Recall that $$ p(\theta | x) = \frac,$$ where $p(\theta)$ is your prior, $p(x|\theta)$ is the likelihood (i.e.the evidence that you use to update the prior), and $p(\theta|x)$ is the posterior probability.However, I found that some times people don't find this result self-evident, thus I give a slightly long-winded proof.$$P(F|HH) =\frac= \frac$$ by the chain rule of conditional probabilities.Collect your data, and then the likelihood curve shows the relative support that your data lend to various simple hypotheses.Likelihoods are a key component of Bayesian inference because they are the bridge that gets us from prior to posterior.

Alternatively one could understand the term as using the posterior of the first step as prior input for further calculation. You should make it clear in your question that you're only considering the possibilities that either the coin is perfectly fair, or else it always comes up heads.Bayesian updating is particularly important in the dynamic analysis of a sequence of data.Bayesian inference has found application in a wide range of activities, including science, engineering, philosophy, medicine, sport, and law.If you had normal data you could use a normal prior and obtain a normal posterior.Conjugate priors are not required for doing bayesian updating, but they make the calculations a lot easier so they are nice to use if you can.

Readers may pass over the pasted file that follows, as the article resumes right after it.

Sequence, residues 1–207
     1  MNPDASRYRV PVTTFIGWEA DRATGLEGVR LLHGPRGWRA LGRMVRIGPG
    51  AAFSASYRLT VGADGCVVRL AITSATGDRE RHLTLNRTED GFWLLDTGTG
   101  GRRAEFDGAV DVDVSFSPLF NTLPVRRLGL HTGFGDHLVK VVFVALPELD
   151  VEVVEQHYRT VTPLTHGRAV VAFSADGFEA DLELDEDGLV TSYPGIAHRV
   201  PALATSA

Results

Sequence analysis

Alternatively one could understand the term as using the posterior of the first step as prior input for further calculation. You should make it clear in your question that you're only considering the possibilities that either the coin is perfectly fair, or else it always comes up heads.Bayesian updating is particularly important in the dynamic analysis of a sequence of data.Bayesian inference has found application in a wide range of activities, including science, engineering, philosophy, medicine, sport, and law.If you had normal data you could use a normal prior and obtain a normal posterior.Conjugate priors are not required for doing bayesian updating, but they make the calculations a lot easier so they are nice to use if you can. My question is as to how far method b is a valid approach ? What is the probability that the coin is fair, i.e. Now for the first toss: $Pr(Fair\ coin| H) = \frac = \frac \quad\quad (1)$ Assuming starting prior belief P(Fair) = 0.5, want to find P(F|H) for the first toss Below are the calculation for the intermediate steps: $P(H|F)= \theta^(1-\theta)^ = 0.5^(0.5)^= 0.5$ $P(H)= P(H|F) \cdot P(F) P(H|Biased) \cdot P(Biased)=(0.5 \cdot 0.5) (1 \cdot 0.5) = 0.75$ (Note: P(H|Biased) = 1 because assuming an extreme example with Heads on both sides of the coin, the probability of getting Heads with a biased coin = 1 (makes calculation easy)) Hence, plugging into (1), we get : $Pr(F| H) =\frac = \frac = 0.33$ Now, we toss the coin again and get another H.